CatBuilder Previous Member

    This is a good question.

    I know a guy with a nylon rudder from an autopilot and the thing had incredible properties.

    It had a shaft going maybe 4 inches into the 2 1/2 foot rudder blade. That's it. Nothing else. The rudder was nylon and there was no other structure.

    He came by my shop to find out how to make a rudder and when I showed him, he was a little disappointed. He thought it was a lot easier after he had looked at the nylon one.
     
  5. Leon01323
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    Leon01323 Junior Member

    That rudder sounds crazy,

    Im looking high and low but not come up with anything yet. Ive held one of these decks and they are fairly thick and heavy but my god are they strong. there is no core in them they are just solid nylon.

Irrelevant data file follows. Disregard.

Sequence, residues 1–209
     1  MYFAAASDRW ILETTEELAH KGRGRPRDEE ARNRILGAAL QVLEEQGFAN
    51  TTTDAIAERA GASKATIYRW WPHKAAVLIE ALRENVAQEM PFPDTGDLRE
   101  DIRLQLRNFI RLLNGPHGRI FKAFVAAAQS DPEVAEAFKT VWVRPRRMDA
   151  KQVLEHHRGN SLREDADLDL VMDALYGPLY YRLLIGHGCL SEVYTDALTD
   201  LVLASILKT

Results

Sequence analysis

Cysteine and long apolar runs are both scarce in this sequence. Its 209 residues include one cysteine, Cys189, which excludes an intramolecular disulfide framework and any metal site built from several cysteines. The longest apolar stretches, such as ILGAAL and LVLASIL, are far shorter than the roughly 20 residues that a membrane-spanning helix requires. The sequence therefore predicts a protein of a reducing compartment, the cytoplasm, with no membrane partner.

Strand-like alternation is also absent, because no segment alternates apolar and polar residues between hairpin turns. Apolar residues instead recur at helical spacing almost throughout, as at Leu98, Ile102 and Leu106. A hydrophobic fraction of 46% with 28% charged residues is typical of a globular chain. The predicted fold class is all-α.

all ive found was on this site:

    http://sweetcomposites.com/Polyester.html


    Nylon Fabric

    This light-weight nylon fabric is typically used as a peel ply. Style 28325 is a 40x40, 210 denier, 2 oz plain weave. We now have 64" width nylon peel ply. This is a peel-ply fabric for laminating – not a sewing fabric!!

    that surgests that it is used as a peel ply:mad:

    haha proving hard to find

    Thanks for helping
     
  6. Petros
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    Petros Senior Member

    The Zytel is not particularly light, but it is tough. It has been around over 30 years, it can be injection molded for mass production.